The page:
'The choice is clear - surge or starvation': UN chief condemns blocked aid to Gaza on Ramadan visit

UN secretary-general Antonio Guterres has denounced aid being blocked from entering Gaza, describing the imminent risk of starvation as a "moral outrage".

"It's time to truly flood Gaza with life-saving aid. The choice is clear: either surge or starvation," Mr Guterres said on the Egyptian side of the Rafah border.

Almost half of Gaza's 2.3 million people are facing catastrophic food insecurity, with a risk of famine by the end of May if a ceasefire does not happen or if there is no sustained access to aid, according to a UN-backed report.

The UN secretary-general stood beside a long queue of trucks that international aid agencies and Foreign Secretary Lord Cameron have blamed on Israel. They claim some supplies have been stuck at the border for nearly three weeks.

Mr Guterres also renewed calls for an "immediate humanitarian ceasefire" - after more than 32,000 Palestinians were killed by Israel's military offensive, according to the Hamas-run Gaza health ministry.

In a statement, the UN head said it was time to "silence the guns" as Gazans "remain stuck in a non-stop nightmare".

He added: "Communities obliterated. Homes demolished. Entire families and generations wiped out. With hunger and starvation stalking the population. Any further onslaught will make everything worse."

Asked about Mr Guterres's concerns, Mr Netanyahu's office referred to a social media post by foreign minister Israel Katz, who accused the UN chief of allowing the organisation to become "antisemitic and anti-Israeli".

Mr Guterres's visit to the territory comes during Ramadan, with him demanding the immediate release of all Israeli hostages in the holy month's "spirit of compassion".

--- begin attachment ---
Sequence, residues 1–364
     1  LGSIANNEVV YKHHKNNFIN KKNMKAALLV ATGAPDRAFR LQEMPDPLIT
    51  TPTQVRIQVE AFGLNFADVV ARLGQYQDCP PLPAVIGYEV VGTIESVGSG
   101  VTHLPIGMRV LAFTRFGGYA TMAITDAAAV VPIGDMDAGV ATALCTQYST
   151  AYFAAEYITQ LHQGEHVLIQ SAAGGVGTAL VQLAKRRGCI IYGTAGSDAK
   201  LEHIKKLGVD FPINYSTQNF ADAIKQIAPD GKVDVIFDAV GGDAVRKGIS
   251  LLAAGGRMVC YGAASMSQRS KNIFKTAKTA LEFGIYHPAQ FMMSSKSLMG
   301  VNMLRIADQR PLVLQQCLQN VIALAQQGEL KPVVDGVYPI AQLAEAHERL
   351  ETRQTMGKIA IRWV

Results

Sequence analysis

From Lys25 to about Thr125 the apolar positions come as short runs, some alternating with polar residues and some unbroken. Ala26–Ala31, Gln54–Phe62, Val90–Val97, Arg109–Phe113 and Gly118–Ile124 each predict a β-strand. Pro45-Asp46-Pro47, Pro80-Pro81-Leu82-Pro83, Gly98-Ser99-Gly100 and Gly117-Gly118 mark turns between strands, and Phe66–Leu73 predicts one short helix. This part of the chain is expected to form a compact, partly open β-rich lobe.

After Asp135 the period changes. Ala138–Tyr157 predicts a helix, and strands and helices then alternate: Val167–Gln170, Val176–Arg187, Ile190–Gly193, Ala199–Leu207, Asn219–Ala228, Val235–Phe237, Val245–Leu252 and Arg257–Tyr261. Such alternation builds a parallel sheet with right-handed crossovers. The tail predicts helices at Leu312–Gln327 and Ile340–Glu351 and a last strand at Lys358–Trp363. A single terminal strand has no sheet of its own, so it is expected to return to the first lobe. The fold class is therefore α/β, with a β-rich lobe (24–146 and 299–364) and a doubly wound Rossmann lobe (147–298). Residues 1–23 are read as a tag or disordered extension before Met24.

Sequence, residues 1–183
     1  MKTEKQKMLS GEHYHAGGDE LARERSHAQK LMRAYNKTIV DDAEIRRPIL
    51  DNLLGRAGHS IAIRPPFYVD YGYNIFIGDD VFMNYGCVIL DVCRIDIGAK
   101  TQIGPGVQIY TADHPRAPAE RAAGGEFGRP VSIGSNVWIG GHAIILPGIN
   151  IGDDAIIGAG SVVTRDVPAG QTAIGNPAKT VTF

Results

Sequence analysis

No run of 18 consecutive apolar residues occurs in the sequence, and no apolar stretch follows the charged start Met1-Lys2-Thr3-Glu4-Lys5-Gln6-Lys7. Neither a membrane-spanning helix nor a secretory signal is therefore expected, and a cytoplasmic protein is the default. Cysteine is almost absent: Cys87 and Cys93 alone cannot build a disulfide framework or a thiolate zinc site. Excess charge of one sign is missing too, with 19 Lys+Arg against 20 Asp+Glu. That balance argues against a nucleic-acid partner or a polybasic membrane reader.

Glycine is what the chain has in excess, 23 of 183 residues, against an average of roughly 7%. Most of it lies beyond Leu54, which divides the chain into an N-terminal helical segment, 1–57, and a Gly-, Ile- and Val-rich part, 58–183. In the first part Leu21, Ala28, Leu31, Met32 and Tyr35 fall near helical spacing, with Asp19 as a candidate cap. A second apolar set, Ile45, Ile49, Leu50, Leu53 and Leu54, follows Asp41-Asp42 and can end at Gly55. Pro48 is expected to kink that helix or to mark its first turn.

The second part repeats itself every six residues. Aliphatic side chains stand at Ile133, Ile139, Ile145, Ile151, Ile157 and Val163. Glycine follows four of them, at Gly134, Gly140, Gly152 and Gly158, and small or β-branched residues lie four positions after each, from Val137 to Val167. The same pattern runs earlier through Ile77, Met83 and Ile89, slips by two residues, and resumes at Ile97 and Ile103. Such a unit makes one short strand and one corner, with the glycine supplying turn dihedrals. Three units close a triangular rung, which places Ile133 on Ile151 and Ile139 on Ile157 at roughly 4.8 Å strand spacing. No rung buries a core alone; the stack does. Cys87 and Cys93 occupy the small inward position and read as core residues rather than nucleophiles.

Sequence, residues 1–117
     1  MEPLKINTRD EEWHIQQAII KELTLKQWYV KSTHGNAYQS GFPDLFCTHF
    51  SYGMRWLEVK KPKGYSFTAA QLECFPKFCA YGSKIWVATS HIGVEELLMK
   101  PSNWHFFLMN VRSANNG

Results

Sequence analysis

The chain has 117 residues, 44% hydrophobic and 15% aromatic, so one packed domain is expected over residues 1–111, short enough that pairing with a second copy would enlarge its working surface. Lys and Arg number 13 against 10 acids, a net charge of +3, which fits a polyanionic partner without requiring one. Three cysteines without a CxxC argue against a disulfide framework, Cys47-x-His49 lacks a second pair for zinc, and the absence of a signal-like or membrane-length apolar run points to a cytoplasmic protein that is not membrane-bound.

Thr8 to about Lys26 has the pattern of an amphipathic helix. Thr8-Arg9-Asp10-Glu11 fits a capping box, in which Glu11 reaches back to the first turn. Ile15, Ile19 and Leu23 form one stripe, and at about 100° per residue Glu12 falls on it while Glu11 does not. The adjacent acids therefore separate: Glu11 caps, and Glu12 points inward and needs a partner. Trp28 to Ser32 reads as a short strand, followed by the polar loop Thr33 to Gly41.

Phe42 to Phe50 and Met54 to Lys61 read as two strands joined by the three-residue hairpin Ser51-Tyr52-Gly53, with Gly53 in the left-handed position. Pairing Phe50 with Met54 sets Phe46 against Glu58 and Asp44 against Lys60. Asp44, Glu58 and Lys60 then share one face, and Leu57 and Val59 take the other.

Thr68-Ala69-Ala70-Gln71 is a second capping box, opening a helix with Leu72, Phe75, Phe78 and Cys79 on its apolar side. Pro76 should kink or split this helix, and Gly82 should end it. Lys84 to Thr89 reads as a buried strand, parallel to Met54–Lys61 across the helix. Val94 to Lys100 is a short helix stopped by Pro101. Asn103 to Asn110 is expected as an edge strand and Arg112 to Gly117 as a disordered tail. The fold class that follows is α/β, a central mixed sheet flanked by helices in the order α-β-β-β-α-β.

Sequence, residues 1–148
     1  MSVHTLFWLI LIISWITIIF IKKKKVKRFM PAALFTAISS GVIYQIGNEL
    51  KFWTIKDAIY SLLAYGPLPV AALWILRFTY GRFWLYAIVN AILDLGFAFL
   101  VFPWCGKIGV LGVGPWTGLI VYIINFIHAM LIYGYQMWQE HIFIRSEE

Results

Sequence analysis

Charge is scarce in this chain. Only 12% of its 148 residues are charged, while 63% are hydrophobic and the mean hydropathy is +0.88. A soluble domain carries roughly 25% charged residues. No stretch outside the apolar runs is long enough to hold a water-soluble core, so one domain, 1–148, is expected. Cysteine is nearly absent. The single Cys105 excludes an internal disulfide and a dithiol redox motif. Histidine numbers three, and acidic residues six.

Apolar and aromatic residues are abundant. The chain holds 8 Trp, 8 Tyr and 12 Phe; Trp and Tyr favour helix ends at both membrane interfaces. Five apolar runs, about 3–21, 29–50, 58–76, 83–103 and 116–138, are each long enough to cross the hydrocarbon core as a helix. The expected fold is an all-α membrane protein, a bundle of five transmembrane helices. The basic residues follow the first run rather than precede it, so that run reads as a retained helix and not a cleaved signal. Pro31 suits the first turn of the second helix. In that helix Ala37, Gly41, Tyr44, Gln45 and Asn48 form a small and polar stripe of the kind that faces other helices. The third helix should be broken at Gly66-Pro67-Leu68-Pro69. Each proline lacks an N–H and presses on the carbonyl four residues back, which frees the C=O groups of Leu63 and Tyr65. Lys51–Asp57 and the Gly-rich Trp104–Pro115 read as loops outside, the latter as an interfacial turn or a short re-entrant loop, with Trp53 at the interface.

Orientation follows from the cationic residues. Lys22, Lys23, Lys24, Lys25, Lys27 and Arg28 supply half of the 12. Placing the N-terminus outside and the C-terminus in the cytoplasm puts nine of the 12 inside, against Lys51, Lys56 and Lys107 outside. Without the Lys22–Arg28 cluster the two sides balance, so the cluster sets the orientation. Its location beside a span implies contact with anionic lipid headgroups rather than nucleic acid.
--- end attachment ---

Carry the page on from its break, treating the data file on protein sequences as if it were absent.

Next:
Netanyahu presses on with Rafah offensive

Hamas is still thought to be holding around 100 Israeli hostages, having already killed several since the 7 October attacks - during which 1,200 Israelis were killed.

It recently proposed a deal for a ceasefire, offering Israeli hostages in exchange for Palestinian prisoners.

Meanwhile, Israeli Prime Minister Benjamin Netanyahu ignored Western concerns that an assault on Rafah, currently home to an estimated 1.5 million Palestinians, would "further isolate" his nation.

He said he made it "supremely clear" to US President Joe Biden he intended to go ahead with the offensive, believing Hamas's remaining battalions are hiding there.

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Eight people were killed on Friday in an airstrike on a house in Al Naser, east of Rafah. And fighting raged on Saturday around Gaza's largest hospital, Shifa.

The Israel Defence Forces said it had killed more than 170 militants in the hospital since they began their raid five days ago, but Palestinian authorities described it as a "war crime" that led to multiple casualties.

Gaza's health ministry said hospital departments had been set alight with patients still inside, adding that the Israeli military had detained health workers, patients and relatives inside the complex.